Monthly Archives: October 2013

The Benefit of a Shayla being LiMaaseh

A quick follow-up on my post earlier this week: here.  The Netziv was asked whether it is better to derive psak from poskim’s theoretical discussions in the sugyot or from teshuvot.  While the shoel assumed it was the former – the unbiased, pure discussion, taken up with the luxury of not having to respond in real time – was superior.  The Netziv averred, claiming that it was specifically the difficulty of psak that forces poskim to fully flesh out issues.  This adds another angle to the discussion – the knowledge the psak is so complicated forces poskim to take responsibility in a way lomdus does not.  Below is the passage from the Netziv:

שו”ת משיב דבר חלק א סימן כד

וע”ד אשר הציע מע”כ נ”י דעת אביו הגאון זצ”ל שלא להדפיס תשובותיו אשר השיב הלכה למעשה מטעם שאין לסמוך כ”כ על התשובה כמו על מש”כ בדרך לימוד אותו ענין, והקיף הסוגיא על בוריה יותר ממה שמקיף הענין בעת שבא לשואלו דבר וסמך דבריו על מה שהסכימו הפוסקים לסמוך על פסקי הרא”ש יותר מעל תשובותיו, וסיים עוד מה שאמרו חז”ל אין למדין הלכה מפי מעשה זה תורף דברי מע”כ נ”י בשם אביו זצ”ל:

אולם לדעתי הדלה אין הדברים נכונים כלל בטעמם ואדרבה בשעה שמשיבים הלכה למעשה באים לעומק הענין יותר ממה שבא הענין בדרך לימוד וגם סייעתא דשמיא עדיף בשעת מעשה וכבר אמרו חז”ל במס’ כתובות (דף ס ע”ב) דסייעתא דשמיא מהניא טובא להוציא הוראה כהלכה, והכי אי’ בב”ב (דף קל ע”ב) אין למדין הלכה לא מפי לימוד ולא מפי מעשה עד שיאמר לו הלכה למעשה ועי’ בפי’ רשב”ם, וכן בסנהדרין (דף פו ב’) לענין זקן ממרא שנה ולמד כדרך שהיה לומד פטור ואם הורה לעשות חייב אלמא היכא דהורה לעשות עדיף. והא דהסכימו הפוסקים דסומכין על פסקי הרא”ש ז”ל יותר מעל תשובותיו במקום שמחולקין אין זה מסברא אלא מגמרא מפי בנו רבינו יהודה ז”ל ומסתמא ידע בנו זצ”ל דהפסקים היו מאוחרים לתשובותיו וחזר בו רבינו הרא”ש ז”ל תדע שהראנ”ח בתשובה ח”א (סי’ מ”ו) כתב שאם יודעים שחזר מפסקיו לתשובה התשובה עיקר אלמא דעיקר הטעם דמסתמא הענין להיפך דחזר מתשובה לפסקים:

The Complexity of Psak

This week I dealt with the complexity of pesak.  After having spoken about some of the factors poskim weigh when making a decision, it was important to deal with how difficult it is to assess Halachic questions.  This is true on several levels.

The first is on the level of theory.   Complex issues deal with a range of Halachic issues and it takes someone who has 1)master of all relevant texts, 2) the ability to analyze those texts, and 3)the imaginative capacity to figure out all potential relevant questions to bring the material together.  I have written about R. Lichtenstein’s description of the ideal posek before: link.

The second is on the level of reality.  Even once one has determined the theoretical issues, one needs to assess the facts.  They can often be difficult to understand, and may change from place to place and time to time.  As an example, I mentioned Rav who spent 18 months with a shepard to figure out the difference between temporary and permanent blemishes (relevant for pidyon bechor).  [See sources for Chasam Sofer and R. Aharon Kahn who deal with the Talmud Torah status of the necessary fact finding for Halachic issues.] Continue reading The Complexity of Psak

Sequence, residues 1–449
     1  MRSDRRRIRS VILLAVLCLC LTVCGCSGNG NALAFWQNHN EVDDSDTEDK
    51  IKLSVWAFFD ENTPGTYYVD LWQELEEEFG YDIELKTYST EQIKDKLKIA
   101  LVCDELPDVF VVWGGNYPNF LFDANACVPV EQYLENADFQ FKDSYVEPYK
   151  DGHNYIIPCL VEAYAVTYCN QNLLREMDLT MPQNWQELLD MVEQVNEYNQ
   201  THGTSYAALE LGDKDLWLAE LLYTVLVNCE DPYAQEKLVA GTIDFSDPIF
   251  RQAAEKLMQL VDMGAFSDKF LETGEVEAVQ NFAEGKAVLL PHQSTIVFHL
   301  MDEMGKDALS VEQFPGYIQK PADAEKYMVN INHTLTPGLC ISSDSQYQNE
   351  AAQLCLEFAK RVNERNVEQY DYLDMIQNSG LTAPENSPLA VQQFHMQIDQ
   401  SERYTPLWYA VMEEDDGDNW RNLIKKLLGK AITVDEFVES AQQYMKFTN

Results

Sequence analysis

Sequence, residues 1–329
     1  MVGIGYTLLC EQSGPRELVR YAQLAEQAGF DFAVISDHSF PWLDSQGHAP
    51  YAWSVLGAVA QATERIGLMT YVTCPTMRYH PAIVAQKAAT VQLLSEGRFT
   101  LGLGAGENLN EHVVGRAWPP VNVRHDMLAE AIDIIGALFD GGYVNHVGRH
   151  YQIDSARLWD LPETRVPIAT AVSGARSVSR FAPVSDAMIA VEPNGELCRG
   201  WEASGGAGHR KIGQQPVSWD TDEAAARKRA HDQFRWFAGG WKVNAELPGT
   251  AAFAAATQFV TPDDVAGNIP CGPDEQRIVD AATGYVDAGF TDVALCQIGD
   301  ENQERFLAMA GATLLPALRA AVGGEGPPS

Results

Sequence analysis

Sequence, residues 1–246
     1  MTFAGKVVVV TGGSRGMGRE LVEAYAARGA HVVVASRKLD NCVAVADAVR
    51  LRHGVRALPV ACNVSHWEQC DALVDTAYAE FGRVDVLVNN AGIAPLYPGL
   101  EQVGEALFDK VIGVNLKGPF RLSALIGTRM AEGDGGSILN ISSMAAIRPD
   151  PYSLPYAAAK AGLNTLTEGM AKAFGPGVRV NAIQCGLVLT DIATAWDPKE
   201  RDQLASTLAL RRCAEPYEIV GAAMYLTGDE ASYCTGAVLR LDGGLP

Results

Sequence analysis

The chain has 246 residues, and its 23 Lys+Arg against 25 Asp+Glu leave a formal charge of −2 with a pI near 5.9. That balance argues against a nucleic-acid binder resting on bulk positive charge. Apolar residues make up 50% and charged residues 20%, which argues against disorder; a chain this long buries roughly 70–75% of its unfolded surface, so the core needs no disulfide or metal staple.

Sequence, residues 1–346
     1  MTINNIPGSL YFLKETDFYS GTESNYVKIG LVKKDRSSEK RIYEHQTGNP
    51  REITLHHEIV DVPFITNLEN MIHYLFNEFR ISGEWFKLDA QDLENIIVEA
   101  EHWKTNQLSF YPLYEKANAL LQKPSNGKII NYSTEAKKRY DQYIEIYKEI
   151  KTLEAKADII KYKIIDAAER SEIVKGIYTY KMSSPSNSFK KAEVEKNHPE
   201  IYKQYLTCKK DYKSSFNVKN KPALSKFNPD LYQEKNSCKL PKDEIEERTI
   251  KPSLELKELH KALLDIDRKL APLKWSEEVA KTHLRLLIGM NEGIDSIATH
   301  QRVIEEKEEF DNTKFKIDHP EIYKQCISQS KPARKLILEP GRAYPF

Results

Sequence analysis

Authority, Custom, and Independent Analysis: Halachic Methodology 2


This week’s shiur (link)dealt with the relative weight given to three of the main factors in pesak.  The first is textual precedent or authority; the second is custom (popular and rabbinic); the third is interpretation of canonical texts, or how one understands the Gemara.  While no posek makes decisions by relying on one of these, poskim differ on how much relative weight they give to these three factors.

I captured these three factors by highlighting how poskim in varying generations related to them.  I began with the generation of Rabbi Yosef Karo, Rabbi Moshe Isserles, and Rabbi Shlomo Luria.  Rabbi Yosef Karo, authored the Beit Yosef and Shulchan Aruch.  Continue reading Authority, Custom, and Independent Analysis: Halachic Methodology 2

Halachic Methodology Shiur 1 Summary: Eilu V’Eilu and Why Psak is Binding

This week I started a series in Yeshiva on the Halachic process.  I will try to write a brief summary of the shiur (really for myself) and post it.  However, the summary will be rough, as I will attach an audio version of the shiur. 


I started with a discussion of Eilu V’Eilu and the question of whether Halacha conceives of multiple legal truths.  While the simple understanding of several Gemarot imply that it does, many Rishonim and Achronim rejected this, for the obvious philosophical reasons.  Namely, truth implies that something else cannot be both contradictory and true (by virtue of the law of non-contradiction).  However, some sources, most famously the Ritva citing the Tosafot and the Ketzot believe that there are multiple halachic truths. 

For my purposes, this was important to understand the place of process in Halacha.  For those who believe in one Halachic truth, process is 1) the best way of getting to the truth and therefore 2) the means God commanded us to use to seek the truth.  However, it is possible for the process to yield the false conclusion.  Despite this, we would be commanded to follow the result the process yielded
(see the introduction to Igrot Moshe). 

For those who believe in multiple truths, ironically, process is even more important.  If process is not simply a means to seek truth (as there are many), process is what creates the binding status of a specific decicsion (this point was made by Rabbi Michael Rosensweig).   As a parable for this, I noted the position of the Ritva who believes that psak is binding because it creates a Halachic reality for the one who asked the Halachic shayla.  This contrasts the Rishonim who believed psak was binding as a vow or because one is obligated to show honor to the posek.  Continue reading Halachic Methodology Shiur 1 Summary: Eilu V’Eilu and Why Psak is Binding